Nagoya, Japan to Host 2026 Asian Games

Braden Keith
by Braden Keith 0

September 29th, 2016 News

Nagoya, Japan was announced as the host of the 2026 Asian Games this week, providing sufficient evidence to the Olympic Committees of Asia (OCA) that their bid was a sufficient one as the only bidder for the event.

The games, held every four years in the same slot as the Winter Olympics, are a major multi-sport event in Asia, and for many swimmers are an even bigger deal than the World Championships in the year before and after.

The 2026 Asian Games are estimated to cost $842 million, about one-third of which are expected to be covered by sponsorship. The Aichi prefecture (70%) and Nagoya (30%) will share the remaining costs.

The first Asian Games were held in 1951 with 9,501 participants at the last edition in 2014 – only slightly smaller than the 11,303 participants at the 2016 Olympics. Despite comparable numbers, the event will cost a fraction of the $12 billion spent on the Olympics.

This will be the 3rd time that Japan has hosted the event – Tokyo hosted in 1958, Hiroshima has hosted in 1994, and Nagoya will host in 2026. Only Thailand, all three times in Bangkok, has hosted on more occasions.

Nagoya is Japan’s third-largest incorporated city and fourth-largest populous urban area. It’s located on the Pacific coast the southern part of Japan’s main island and has a metropolitan population of 9.1 million. It’s biggest claim-to-fame globally is Nagoya University, which has produced 6 Nobel Prize laureates.

All-time hosting list:

Year Games Host Dates Nations Athletes Sports Events
1951 I New Delhi, India 4–11 March 11 489 6 57
1954 II Manila, Philippines 1–9 May 18 970 8 76
1958 III Tokyo, Japan 24 May – 1 June 20 1,820 13 97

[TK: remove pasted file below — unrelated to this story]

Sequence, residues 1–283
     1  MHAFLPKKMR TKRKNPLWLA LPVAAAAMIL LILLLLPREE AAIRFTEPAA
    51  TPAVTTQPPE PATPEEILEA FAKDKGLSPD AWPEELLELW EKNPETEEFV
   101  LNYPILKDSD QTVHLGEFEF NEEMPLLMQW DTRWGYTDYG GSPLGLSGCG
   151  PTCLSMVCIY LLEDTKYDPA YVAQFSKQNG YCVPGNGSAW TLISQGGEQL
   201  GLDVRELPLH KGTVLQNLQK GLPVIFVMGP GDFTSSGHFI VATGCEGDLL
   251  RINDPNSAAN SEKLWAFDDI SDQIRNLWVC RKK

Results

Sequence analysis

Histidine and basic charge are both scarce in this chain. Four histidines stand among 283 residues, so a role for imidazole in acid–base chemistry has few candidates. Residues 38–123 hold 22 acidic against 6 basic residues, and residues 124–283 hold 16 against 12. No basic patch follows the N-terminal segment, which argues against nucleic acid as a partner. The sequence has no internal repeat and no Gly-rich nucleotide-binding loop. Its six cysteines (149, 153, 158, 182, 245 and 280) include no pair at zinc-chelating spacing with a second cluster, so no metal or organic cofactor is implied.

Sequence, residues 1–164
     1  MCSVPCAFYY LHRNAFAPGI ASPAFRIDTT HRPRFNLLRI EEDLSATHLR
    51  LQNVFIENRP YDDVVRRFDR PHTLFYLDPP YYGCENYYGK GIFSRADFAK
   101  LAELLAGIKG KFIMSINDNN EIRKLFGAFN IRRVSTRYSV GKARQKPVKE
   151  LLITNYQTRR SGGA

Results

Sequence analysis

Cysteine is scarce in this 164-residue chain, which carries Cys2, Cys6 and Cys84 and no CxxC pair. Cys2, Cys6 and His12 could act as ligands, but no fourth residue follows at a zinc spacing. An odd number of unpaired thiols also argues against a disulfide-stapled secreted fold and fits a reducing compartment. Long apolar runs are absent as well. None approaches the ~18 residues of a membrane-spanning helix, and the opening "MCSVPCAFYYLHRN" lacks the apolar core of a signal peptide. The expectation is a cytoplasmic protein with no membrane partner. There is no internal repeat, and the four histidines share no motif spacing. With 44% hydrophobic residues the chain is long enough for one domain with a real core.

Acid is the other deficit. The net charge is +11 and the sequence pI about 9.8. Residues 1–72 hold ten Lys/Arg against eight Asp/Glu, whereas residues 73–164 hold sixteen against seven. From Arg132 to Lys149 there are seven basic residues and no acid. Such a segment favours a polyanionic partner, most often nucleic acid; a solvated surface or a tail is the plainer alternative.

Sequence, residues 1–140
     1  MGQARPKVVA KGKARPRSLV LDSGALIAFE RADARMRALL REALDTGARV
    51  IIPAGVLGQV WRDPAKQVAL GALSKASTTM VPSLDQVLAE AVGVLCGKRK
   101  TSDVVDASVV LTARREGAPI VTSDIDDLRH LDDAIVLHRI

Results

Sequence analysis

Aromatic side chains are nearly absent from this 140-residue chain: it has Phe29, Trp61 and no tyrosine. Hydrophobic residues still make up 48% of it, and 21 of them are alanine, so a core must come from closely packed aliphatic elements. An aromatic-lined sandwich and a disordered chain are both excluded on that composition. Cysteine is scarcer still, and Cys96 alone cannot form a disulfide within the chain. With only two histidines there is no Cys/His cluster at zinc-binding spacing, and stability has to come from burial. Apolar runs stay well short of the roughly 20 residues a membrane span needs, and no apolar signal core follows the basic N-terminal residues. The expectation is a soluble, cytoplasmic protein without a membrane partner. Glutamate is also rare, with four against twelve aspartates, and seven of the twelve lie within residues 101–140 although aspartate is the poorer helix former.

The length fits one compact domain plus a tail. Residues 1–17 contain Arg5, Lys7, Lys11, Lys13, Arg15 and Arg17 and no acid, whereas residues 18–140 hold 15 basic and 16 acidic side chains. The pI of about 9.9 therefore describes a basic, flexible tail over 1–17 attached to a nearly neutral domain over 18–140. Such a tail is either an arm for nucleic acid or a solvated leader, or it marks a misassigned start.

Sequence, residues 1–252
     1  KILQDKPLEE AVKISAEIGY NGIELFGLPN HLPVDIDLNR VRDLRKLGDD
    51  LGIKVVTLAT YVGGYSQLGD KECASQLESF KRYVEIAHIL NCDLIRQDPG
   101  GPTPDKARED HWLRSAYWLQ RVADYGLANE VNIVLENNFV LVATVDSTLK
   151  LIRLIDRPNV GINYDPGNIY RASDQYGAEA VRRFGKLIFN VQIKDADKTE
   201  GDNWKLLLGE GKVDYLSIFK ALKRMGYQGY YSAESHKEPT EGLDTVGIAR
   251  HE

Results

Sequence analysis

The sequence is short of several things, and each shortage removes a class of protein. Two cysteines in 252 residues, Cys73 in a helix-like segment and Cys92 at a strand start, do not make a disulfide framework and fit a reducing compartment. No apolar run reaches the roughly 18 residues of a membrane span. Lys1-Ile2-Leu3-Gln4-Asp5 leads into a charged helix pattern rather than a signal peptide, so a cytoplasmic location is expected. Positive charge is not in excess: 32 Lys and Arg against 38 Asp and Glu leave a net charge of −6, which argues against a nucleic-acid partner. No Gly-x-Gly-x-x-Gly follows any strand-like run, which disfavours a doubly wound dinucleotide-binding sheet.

1962 IV Jakarta, Indonesia 24 August – 4 September 17 1,460 13 120
1966 V Bangkok, Thailand 9–20 December 18 1,945 14 143
1970 VI Bangkok, Thailand 9–20 December 18 2,400 13 135
1974 VII Tehran, Iran 1–16 September 25 3,010 16 202
1978 VIII Bangkok, Thailand 9–20 December 25 3,842 19 201
1982 IX New Delhi, India 19 November – 4 December 33 3,411 21 199
1986 X Seoul, South Korea 20 September – 5 October 27 4,839 25 270
1990 XI Beijing, China 22 September – 7 October 36 6,122 29 310
1994 XII Hiroshima, Japan 2–16 October 42 6,828 34 337
1998 XIII Bangkok, Thailand 6–20 December 41 6,554 36 376
2002 XIV Busan, South Korea 29 September – 14 October 44 7,711 38 419
2006 XV Doha, Qatar 1–15 December 45 9,520 39 424
2010 XVI Guangzhou, China 12–27 November 45 9,704 42 476
2014 XVII Incheon, South Korea 19 September – 4 October 45 9,501 36 439
2018 XVIII Jakarta-Palembang, Indonesia 18 August – 2 September Future event
2022 XIX Hangzhou, China 10–25 September Future event
2026 XX Nagoya, Japan 18 September – 3 October Future event

0
Leave a Reply

Subscribe
Notify of
0 Comments
Inline Feedbacks
View all comments

About Braden Keith

Braden Keith

Braden Keith is the Editor-in-Chief and a co-founder of SwimSwam.com. He first got his feet wet by building The Swimmers' Circle beginning in January 2010, and now comes to SwimSwam to use that experience and help build a new leader in the sport of swimming. Aside from his life on the InterWet, …

Read More »